Theme of blindness in King Lear

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It is evident that several characters throughout the text King Lear written by William Shakespeare move from blindness to a clearer perception. It has been said that King Lear is about a tragedy of “man going sane. ” In Shakespearean terms, blind has a different meaning than modern English. Blindness is normally defined as the inability of the eye to see, but according to Shakespeare, blindness is not a physical quality, but a mental quality some people possess as well. Shakespeare’s most dominant theme in his play King Lear is that of blindness.

King Lear and Gloucester are two prime examples Shakespeare incorporates this theme into. Each of these character’s blindness was the primary cause of the bad decisions they made; decisions which all of them would eventually come to regret. The blindest of all the characters was undoubtedly King Lear. Because of Lear’s high position in society, he is supposed to be able to distinguish the good from the bad; unfortunately, his lack of sight prevented him to do so. Lear’s first act of blindness came at the beginning of the play.

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First, he was easily deceived by his two eldest daughters’ lies, then, he was unable to see the reality of Cordelia’s true love for him, and as a result, banished her from his kingdom: “Thou hast her, France; / Therefore be gone without our grace, our love, our benison” (1. 1. 264-269). Gloucester was another example of a character who suffered from an awful case of blindness. Gloucester’s blindness denied him of the ability to see the goodness of Edgar and the evil of Edmund. Although Edgar was the good and loving son, Gloucester all but disowned him.

He wanted to kill the son that would later save his life. Gloucester’s blindness began when Edmund convinced him by a forged letter that Edgar was plotting to kill him. Gloucester’s lack of sight caused him to believe Edmund was the good son and prevented him from thinking of the idea of Edmund being after his power. Near the end of the play, Gloucester finally regained his mental ability of sight and realized that Edgar saved his life disguised as Poor Tom and loved him all along. He realized that Edmund planned to take over the castle and hat he was the evil son of the two. Gloucester’s line of: “I stumbled when I saw” (4. 1. 18-24) was ironic. His inability to see the realities of his sons occurred when he had his physical sight but was mentally blind; but his ability to see the true nature of his sons occurred after having his eyes plucked out by Cornwall. Fortunately enough for him, the consequences of his blindness throughout the play was minimal; after all, he was the only one to die as a result of his tragic self-traits.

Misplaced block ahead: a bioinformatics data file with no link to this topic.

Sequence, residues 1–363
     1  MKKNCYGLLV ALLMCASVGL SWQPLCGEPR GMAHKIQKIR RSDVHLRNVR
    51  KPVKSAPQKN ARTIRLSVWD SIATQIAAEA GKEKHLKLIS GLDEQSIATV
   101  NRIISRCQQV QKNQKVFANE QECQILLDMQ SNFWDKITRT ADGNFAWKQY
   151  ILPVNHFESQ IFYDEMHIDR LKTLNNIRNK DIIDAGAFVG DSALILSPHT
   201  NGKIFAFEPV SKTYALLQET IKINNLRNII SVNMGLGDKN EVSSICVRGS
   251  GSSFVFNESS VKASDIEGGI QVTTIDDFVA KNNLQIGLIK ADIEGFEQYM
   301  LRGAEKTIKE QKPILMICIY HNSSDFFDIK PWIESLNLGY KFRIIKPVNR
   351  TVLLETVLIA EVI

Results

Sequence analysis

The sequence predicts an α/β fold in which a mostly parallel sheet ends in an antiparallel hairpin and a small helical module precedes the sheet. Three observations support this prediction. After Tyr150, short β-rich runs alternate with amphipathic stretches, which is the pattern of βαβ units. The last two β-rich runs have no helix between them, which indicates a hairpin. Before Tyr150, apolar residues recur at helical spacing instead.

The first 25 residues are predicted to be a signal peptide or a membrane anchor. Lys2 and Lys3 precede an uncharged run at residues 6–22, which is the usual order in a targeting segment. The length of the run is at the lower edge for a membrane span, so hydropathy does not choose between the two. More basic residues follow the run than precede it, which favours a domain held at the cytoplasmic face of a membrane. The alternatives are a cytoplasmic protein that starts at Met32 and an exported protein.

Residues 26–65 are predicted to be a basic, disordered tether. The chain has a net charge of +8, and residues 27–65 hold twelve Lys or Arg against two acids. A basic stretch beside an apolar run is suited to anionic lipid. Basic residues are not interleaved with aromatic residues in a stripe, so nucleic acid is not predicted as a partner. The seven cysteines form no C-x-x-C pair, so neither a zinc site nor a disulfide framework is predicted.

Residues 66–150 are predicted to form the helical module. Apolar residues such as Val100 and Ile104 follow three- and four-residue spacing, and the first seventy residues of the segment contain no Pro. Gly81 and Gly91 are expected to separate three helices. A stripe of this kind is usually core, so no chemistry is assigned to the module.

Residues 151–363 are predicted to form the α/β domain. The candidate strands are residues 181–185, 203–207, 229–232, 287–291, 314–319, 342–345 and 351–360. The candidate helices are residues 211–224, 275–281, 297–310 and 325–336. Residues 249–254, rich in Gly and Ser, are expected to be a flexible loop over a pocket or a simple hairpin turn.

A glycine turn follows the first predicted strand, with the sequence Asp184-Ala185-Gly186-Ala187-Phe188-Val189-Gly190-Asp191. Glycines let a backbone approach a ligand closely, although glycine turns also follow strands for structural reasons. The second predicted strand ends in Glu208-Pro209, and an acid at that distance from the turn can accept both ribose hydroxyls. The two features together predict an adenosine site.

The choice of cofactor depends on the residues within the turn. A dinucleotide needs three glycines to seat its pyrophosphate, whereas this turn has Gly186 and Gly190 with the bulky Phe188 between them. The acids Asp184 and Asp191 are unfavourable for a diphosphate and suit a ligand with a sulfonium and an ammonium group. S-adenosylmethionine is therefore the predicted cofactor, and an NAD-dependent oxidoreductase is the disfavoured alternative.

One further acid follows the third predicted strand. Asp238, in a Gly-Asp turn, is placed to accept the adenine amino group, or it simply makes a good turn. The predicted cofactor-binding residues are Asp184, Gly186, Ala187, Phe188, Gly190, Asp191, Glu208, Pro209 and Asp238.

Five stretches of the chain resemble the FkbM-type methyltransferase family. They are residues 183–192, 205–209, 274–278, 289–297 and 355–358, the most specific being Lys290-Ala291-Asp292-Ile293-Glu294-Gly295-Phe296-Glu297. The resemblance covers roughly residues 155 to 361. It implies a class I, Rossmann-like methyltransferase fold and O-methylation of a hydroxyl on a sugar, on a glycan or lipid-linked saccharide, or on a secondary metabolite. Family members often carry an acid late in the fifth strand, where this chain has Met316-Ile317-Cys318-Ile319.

Gloucester’s physical blindness symbolizes the metaphorical blindness that grips both Gloucester and the play’s other father, Lear. This physical blindness also represents the symbolic blindness of Gloucester and Lear: they are both blind to the intentions of their children, wrongfully banishing the loyal one and rewarding the devious ones; (2) They are blind to their responsibilities; it is also clear that Lear was blind to the needs of his people during his sanity as evidenced by his regret over not taking care of the less fortunate.

The comparisons between the two men are clear: both have loyal children and disloyal children, both are blind to the truth, and both end up banishing the loyal children and making the wicked one’s their heir. Only when Gloucester has lost the use of his eyes and Lear has gone mad does each realize his big error. It is fitting that the play brings both of them together near Dover in Act 4 to re-emphasis about how their blindness to the truth about their children has cost them dearly. Downfall such as this is devastating for both Lear and Gloucester, and mental blindness is the cause of it.

As a result, they cannot blame that “man goes sane”, because the origin comes from themselves. Both father figures are really close as to what led them to see the truth. They began by betraying one of their kids, were blind to the truth, either mentally or physically and both developed a clearer perception when it was a little too late. It’s an impressive lesson for everyone living in this physical world that our eyes can only see the surface of objects and our hearts can see through the essential of objects.

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Theme of blindness in King Lear. (2017, Jan 05). Retrieved from

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